Banksy, ‘Bomb Love’, 2004, Julien's Auctions
Banksy, ‘Bomb Love’, 2004, Julien's Auctions

Banksy’s two-color screenprint Bomb Love, commonly referred to as “Bomb Hugger”, is emblematic of his witty aesthetic that uses creative juxtapositions to make humorous commentaries on society at large. The stencil depicting a young girl in a black dress tenderly clutching a bomb as if it were a teddy bear was originally placed on an East London wall. In a not so subtle nod to the irony and devastation of war, Banksy has repeatedly executed this stencil throughout London. Recently, Banksy drew much attention for his Dismaland installation, which took the form of a massive post-apocalyptic theme park in western England.

Property from a Private Canadian Collector

About Banksy

Whether plastering cities with his trademark parachuting rat, painting imagined openings in the West Bank barrier in Israel, or stenciling “We’re bored of fish” above a penguins’ zoo enclosure, Banksy creates street art with an irreverent wit and an international reputation that precedes his anonymous identity. “TV has made going to the theatre seem pointless, photography has pretty much killed painting,” he says, “but graffiti has remained gloriously unspoilt by progress.” Banksy has gained his notoriety through a range of urban interventions, from modifying street signs and printing his own currency to illegally hanging his own works in institutions such as the Louvre and the Museum of Modern Art. Most often using spray paint and stencils, Banksy has crafted a signature, immediately identifiable graphic style—and a recurring cast of cops, soldiers, children, and celebrities—through which he critically examines contemporary issues of consumerism, political authority, terrorism, and the status of art and its display.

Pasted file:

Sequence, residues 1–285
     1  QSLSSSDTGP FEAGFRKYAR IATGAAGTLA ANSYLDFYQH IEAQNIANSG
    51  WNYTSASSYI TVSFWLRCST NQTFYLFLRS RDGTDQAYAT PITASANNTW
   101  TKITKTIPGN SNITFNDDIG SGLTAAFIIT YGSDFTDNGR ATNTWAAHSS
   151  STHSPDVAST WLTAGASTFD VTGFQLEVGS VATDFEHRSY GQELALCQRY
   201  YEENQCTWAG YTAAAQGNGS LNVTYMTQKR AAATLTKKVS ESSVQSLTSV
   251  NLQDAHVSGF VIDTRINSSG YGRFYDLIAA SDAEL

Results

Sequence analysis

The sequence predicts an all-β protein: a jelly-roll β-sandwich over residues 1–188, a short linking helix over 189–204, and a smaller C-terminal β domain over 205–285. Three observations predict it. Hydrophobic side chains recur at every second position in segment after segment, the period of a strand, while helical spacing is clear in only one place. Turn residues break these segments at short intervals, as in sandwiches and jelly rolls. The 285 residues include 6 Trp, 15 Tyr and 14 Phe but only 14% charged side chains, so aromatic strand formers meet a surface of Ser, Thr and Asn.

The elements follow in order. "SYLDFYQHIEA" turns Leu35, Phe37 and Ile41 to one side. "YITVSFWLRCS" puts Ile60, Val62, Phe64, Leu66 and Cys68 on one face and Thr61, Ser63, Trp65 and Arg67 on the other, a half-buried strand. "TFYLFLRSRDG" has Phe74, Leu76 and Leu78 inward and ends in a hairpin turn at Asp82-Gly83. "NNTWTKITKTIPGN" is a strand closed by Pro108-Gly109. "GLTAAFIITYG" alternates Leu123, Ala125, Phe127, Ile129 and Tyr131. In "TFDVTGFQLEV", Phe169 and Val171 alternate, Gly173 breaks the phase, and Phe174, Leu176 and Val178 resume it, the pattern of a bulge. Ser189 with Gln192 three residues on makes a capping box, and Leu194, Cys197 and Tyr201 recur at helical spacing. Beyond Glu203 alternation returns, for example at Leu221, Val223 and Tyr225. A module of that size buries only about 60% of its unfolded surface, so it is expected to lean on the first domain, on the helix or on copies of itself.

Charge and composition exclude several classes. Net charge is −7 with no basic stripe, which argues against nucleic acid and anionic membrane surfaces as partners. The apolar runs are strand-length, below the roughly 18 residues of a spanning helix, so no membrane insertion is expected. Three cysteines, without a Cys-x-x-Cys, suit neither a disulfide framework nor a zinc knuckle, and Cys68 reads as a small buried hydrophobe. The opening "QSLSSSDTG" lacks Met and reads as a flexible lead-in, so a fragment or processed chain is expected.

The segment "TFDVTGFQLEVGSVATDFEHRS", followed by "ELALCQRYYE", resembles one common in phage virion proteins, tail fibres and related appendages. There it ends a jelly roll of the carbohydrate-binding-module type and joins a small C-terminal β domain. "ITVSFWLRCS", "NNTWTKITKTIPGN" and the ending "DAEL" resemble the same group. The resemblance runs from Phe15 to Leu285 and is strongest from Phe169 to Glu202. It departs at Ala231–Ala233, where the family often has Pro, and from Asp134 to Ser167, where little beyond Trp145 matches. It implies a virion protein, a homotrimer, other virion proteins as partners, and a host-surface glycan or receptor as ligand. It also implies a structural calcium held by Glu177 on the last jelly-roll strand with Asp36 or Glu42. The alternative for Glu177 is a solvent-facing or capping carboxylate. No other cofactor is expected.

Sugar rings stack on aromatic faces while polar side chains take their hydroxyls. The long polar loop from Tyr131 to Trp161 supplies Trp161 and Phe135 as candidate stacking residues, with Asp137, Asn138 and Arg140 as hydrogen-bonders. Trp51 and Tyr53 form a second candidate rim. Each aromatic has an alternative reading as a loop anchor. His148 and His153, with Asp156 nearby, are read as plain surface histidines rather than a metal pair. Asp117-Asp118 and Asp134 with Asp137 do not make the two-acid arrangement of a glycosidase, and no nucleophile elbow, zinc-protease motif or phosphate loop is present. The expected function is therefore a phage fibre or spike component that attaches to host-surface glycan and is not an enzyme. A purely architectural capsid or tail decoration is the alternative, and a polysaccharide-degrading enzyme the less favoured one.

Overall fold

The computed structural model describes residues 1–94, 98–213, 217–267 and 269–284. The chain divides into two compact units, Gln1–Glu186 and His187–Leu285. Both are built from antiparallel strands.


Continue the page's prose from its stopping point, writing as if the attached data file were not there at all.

British, Bristol, United Kingdom